In this work, nickel-gold multi-segmented magnetic nanowires were grown by electrodeposition in anodized alumina templates. The templates were fabricated by a two step anodization process of aluminum disks in an aqueous solution of oxalic acid. In this process, ordered pores grew in an alumina oxide layer at the exposed aluminum area. Each disk was electropolished before the anodization process and the features at its surface were characterized to assess the effect on the pore ordering. Nickel Watts and gold cyanide electrolyte baths were prepared to electrodeposit pure nickel and gold in the templates. Both solutions response to a range of externally applied voltages was characterized and a threshold voltage above which deposition occurs is reported. Single nanowires were isolated by chemically dissolving the template and dispersed in ethanol. Devices were fabricated with these isolated nanowires in which gold contacts were deposited to measure the resistance. A current pulse setup was implemented in a magnetoresistance system allowing to send current pulses with amplitude as low as 2nA and 50μs width. Magneto resistance measurement were carried out on the single nanowires devices and the effect of current pulses was studied. It was found that distinct resistance states can be achieved by applying a determined current pulse at a constant applied field and that the initial state can be recovered by removing excess charge from the nanowire. Finally, the effect of annealing the nanowires in an air atmosphere at 150°C for 24 hours is studied showing that the nickel sections oxidize and the gold sections remain unchanged.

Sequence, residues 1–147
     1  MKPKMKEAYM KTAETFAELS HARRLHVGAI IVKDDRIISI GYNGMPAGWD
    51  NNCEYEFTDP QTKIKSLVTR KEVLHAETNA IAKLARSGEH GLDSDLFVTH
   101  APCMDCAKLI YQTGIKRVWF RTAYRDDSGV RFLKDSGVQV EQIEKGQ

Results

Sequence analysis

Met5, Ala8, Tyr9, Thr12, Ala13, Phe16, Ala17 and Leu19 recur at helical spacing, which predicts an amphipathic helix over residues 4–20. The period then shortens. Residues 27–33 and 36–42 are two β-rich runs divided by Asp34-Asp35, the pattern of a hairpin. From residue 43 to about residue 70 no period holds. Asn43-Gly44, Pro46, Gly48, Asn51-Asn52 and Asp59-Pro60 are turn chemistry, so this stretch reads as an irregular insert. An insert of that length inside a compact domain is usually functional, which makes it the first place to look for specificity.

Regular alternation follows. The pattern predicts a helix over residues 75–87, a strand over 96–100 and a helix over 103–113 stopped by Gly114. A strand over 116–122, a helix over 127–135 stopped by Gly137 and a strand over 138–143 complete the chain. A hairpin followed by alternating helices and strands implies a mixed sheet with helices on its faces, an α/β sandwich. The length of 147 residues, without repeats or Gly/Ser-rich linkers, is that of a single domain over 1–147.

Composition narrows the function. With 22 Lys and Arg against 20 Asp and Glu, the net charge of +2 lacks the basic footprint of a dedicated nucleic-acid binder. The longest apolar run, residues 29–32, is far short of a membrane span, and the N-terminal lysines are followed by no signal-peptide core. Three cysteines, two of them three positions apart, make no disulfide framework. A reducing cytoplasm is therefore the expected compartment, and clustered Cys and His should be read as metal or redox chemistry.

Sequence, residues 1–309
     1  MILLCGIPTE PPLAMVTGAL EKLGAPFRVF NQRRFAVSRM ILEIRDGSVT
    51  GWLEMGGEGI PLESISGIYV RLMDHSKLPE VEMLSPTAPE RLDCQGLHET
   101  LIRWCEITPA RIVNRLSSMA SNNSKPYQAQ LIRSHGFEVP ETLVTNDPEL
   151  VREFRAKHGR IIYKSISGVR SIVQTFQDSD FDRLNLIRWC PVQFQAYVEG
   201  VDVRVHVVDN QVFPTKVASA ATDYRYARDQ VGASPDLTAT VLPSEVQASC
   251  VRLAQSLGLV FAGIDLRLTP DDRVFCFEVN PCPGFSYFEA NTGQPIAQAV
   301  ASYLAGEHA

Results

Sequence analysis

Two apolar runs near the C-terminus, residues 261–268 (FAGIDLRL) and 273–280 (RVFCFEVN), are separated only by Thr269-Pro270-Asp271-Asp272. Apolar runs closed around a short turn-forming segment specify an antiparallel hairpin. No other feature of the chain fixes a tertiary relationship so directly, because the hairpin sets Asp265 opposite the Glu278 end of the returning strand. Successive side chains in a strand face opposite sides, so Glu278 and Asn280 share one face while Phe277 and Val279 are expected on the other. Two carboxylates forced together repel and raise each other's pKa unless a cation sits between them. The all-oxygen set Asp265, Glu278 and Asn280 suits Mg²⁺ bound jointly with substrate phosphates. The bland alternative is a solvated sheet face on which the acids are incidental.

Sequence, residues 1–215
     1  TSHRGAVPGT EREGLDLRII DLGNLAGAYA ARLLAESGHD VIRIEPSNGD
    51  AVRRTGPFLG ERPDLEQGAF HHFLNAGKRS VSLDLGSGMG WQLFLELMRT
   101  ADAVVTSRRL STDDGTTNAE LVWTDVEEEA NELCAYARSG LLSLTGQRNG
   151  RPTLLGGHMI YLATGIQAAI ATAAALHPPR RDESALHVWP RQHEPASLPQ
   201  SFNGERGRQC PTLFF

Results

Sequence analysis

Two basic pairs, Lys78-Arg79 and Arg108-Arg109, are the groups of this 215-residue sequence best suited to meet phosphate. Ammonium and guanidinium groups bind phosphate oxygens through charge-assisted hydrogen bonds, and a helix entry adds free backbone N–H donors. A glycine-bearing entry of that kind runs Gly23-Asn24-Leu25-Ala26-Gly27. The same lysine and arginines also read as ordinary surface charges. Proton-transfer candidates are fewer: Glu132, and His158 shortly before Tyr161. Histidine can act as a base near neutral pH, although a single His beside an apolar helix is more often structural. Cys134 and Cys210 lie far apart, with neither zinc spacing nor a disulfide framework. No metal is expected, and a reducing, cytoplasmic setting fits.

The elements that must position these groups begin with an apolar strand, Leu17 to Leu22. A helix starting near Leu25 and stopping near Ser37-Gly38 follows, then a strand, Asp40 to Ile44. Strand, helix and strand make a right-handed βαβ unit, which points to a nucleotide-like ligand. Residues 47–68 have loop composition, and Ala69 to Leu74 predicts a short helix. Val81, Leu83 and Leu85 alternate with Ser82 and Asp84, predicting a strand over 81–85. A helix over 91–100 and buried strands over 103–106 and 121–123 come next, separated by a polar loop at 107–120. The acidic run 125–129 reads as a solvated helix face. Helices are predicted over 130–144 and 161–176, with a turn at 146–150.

|Date of Award||Apr 28 2016|
|Original language||English (US)|
- Physical Sciences and Engineering
|Supervisor||Jurgen Kosel (Supervisor)|
- Cylindrical Nanowires
- Current Pulses